There is a little trick using the IAC about that. As you have noted if you learn any CC# in the CA dialog then the Logic Physical input filters it.
    Here is the trick:

    1. Create a new environment fader and assign its Output definition to the CC# you plan to use (by default it is CC7 ch1.).
    2. Create a new (Standard Instrument) object in the Environment and set its Port to the IAC.
    3. Cable the Environment fader to the Instrument object, open the CA dialog and Learn the plugin parameter by mouse tweaking the Environment fader. In this scenario the Logic plugin parameter will be learned from the IAC bus - you will see that in the CA dialog.
    4. Go to the click & Ports Environment layer and cut the "Sum" cable in the top pin of the Physical Input. Cable separate cables from all IN ports to the Input Monitor object, and do not patch a cable from the IAC pin port (the port bus you have used in step 2). This is to prevent any midi feedback.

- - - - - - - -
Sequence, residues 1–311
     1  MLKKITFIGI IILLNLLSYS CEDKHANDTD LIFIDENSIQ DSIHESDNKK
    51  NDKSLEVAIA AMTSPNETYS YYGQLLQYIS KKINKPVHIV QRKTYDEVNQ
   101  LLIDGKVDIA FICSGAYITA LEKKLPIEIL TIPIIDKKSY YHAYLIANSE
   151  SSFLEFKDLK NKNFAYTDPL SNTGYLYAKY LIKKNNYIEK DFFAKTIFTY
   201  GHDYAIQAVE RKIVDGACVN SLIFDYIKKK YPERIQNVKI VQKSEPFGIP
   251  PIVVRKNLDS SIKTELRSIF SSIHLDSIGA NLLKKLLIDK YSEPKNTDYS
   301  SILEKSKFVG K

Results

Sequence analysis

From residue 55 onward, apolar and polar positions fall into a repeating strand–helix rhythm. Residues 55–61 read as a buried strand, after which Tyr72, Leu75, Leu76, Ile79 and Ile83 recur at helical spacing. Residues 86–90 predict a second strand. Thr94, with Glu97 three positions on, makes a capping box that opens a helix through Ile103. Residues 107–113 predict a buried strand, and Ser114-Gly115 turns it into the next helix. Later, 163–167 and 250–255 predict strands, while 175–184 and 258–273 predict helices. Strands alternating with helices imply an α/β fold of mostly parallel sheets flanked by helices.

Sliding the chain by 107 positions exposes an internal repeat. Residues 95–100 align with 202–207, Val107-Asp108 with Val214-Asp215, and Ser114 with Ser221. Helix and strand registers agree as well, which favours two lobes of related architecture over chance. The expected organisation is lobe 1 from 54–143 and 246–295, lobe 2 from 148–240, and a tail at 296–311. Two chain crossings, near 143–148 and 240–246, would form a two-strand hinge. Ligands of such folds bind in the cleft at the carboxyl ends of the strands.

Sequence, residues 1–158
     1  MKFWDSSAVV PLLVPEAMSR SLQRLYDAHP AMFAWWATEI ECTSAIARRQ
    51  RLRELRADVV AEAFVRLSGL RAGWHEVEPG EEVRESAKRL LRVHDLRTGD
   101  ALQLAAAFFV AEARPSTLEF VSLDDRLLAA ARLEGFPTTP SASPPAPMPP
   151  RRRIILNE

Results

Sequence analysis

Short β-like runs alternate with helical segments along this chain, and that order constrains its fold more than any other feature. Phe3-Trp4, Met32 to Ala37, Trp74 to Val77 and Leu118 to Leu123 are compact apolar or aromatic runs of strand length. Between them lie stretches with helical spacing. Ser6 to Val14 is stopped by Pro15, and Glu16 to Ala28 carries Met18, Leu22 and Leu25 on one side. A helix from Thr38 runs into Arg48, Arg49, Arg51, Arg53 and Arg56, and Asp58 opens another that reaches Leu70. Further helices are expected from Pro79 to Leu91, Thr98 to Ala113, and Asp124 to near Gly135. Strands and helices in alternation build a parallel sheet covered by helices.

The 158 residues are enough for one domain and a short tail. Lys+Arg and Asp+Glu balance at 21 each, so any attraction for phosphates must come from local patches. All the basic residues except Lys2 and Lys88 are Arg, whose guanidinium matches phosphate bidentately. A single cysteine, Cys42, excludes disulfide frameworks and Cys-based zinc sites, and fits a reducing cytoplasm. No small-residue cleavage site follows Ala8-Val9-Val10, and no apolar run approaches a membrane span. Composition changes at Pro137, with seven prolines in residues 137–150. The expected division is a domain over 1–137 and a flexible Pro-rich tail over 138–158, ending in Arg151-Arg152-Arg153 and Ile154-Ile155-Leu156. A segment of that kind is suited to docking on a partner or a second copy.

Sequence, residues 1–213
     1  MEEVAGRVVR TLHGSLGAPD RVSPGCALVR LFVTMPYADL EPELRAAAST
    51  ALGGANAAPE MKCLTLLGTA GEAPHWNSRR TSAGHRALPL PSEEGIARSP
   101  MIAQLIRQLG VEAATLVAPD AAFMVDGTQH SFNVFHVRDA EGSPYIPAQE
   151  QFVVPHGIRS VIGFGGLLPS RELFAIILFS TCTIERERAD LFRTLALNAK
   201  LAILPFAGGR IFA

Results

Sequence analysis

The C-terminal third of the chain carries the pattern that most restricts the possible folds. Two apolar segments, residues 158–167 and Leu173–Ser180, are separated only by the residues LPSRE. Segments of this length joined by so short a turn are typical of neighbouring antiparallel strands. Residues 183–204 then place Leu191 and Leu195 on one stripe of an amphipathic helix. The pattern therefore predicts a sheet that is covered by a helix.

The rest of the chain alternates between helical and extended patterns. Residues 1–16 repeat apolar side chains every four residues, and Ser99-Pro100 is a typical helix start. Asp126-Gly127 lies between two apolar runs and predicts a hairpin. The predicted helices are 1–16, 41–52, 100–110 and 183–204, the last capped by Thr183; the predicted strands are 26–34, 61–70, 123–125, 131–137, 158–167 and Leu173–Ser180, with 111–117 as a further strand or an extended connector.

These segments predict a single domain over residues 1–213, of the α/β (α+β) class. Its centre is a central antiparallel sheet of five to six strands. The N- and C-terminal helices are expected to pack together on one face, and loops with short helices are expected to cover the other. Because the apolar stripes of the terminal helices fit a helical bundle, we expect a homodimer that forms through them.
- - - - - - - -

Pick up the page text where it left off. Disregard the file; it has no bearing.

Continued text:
5. Patch a second (bottom cable) from the Input Monitor object to the Instrument object you have created in step 2. This way you will bridge all devices to the IAC and CA and in the same time the CC# you want to use in Logic will be provided via the top Input Monitor cable to the Sequencer.

    The CC# in question will not be filtered for your physical devices so you can use it in the CA dialog and in the Logic.

    Regards
     
  5. Sonicmanipulator

    Sonicmanipulator New Member

    Thanks so much for that. Did the trick. I'm using a 36 wheel controller I've just made. So I'm sending a lot of controller data and my computer (Mac Book 1.83 GHz Core Duo. 2gig ram) is struggling but I belive it is the future of synth controllers for expressive playing! Video comming soon. Cheers, Sonicmanipulator.